An anesthesiologist practicing in the rather isolated Green Mountains area of Vermont once called into BillingParadise and inquired if we would be kind enough to do his billing. Although not our forte, we were confident that our AAPC Certified Medical Coders should be able to handle the project.
But there was a catch, before passing on the mantle of responsibility he wanted us to find out why he had been reimbursed rather anemically by the various insurance companies or payers over the past year.
And since anesthesia billing was not a hospital’s headache; he had been utilizing the services of a small medical billing company in Rutland. Being a nature-lover, he preferred living in the upper reaches of Appalachian Trail, and usually went without modern age conveniences like the Internet. He routinely couriered patient demographics and other information to this service in Rutland or even relayed the data over the phone many a time.
BillingParadise took up the case and analyzed the physical EOBs that he had been receiving from his billing company over the past one year and also studied the patient demographics over the same period of time.
We immediately found a pattern; the cases he attended to were usually the elderly with mild or severe systemic diseases. Our experienced coders sensed that the low reimbursements could have possibly been due to wrong physical status modifiers being utilized by the other service. We gave forth our findings and the anaesthesiologist was happy enough to let us don the biller’s role.
The above analysis stood confirmed when in the forthcoming months his average earnings increased considerably. We were using the modifier P3 (A patient with severe systemic disease) a lot for his claims and knew that if his service in Rutland had been using P2 (A patient with mild systemic disease); there could have been a considerable difference in the reimbursement rates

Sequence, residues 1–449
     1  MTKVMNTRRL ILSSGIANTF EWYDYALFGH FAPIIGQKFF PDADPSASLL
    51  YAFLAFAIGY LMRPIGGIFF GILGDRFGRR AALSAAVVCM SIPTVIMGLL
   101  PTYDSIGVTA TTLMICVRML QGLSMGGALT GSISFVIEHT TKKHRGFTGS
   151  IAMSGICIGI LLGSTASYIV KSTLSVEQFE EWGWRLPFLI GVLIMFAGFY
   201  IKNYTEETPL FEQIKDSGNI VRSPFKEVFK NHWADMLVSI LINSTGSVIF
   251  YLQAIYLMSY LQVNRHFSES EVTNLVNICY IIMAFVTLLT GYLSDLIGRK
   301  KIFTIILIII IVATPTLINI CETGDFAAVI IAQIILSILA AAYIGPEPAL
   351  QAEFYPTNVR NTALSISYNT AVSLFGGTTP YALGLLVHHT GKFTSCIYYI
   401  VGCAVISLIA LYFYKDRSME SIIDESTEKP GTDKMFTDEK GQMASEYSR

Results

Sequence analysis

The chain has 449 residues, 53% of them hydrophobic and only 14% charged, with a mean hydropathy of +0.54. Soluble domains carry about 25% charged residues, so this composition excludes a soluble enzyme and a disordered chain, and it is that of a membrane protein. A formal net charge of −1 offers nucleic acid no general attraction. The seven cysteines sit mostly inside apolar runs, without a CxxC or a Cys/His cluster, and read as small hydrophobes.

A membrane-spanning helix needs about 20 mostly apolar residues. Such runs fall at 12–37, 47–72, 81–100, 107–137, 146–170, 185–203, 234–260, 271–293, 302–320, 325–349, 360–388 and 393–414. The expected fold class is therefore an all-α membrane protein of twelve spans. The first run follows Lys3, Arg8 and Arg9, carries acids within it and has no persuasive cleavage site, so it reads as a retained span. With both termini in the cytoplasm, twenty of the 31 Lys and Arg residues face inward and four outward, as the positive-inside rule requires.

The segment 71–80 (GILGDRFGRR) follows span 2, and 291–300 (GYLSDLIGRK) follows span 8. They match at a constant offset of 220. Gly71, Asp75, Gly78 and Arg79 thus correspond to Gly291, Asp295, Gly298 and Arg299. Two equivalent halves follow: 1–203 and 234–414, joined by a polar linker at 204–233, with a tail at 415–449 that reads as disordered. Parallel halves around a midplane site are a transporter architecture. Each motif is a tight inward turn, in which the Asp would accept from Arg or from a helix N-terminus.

Poorly controlled hypertension
It is easily possible for someone not that well-versed in Anesthesia Coding to classify conditions such as “poorly controlled hypertension” or “morbid obesity” with the modifier P2. The higher reimbursement when you transition from P2 to P3 is due to the fact that there are a lot of risk factors associated with treating these patients, and there is considerably a lot more effort involved in making sure these patients survive a surgery. The insurance companies know this.
The Anaesthesiologist’s attention:
When all of the above was brought to the anaesthesiologist’s attention later on during one of our tete-a-tete over the phone with him, we were quite positive that his chuckling could be heard over the entire length of the Appalachian Trail. He is one of our most beloved clients now.
Call us at 1-(888)-571-9069 and express any query regard with billing process.